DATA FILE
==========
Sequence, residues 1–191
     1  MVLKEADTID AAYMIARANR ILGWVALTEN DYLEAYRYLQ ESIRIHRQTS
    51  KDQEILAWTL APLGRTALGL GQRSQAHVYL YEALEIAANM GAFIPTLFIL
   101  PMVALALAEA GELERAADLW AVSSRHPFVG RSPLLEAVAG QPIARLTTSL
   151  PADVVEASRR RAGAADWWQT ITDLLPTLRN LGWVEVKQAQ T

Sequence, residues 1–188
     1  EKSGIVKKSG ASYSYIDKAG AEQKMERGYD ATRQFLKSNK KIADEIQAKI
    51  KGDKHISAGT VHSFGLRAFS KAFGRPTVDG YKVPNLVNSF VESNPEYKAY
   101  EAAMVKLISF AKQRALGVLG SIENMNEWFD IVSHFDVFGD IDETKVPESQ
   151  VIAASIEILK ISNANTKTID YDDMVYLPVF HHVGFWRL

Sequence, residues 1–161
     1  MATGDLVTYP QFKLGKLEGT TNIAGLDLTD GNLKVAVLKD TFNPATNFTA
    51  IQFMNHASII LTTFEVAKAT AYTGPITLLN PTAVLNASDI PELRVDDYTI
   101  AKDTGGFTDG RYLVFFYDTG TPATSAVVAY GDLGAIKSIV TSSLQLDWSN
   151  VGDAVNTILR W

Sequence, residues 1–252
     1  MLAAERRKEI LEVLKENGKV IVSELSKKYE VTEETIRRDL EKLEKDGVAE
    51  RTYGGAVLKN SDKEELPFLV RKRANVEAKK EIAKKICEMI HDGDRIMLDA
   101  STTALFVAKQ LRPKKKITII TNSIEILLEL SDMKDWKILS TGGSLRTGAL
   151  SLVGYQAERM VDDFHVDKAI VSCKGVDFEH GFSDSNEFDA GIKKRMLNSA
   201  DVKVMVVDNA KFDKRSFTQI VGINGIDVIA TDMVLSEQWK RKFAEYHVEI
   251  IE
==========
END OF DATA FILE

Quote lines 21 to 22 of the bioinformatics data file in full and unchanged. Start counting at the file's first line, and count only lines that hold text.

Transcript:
   201  DVKVMVVDNA KFDKRSFTQI VGINGIDVIA TDMVLSEQWK RKFAEYHVEI
   251  IE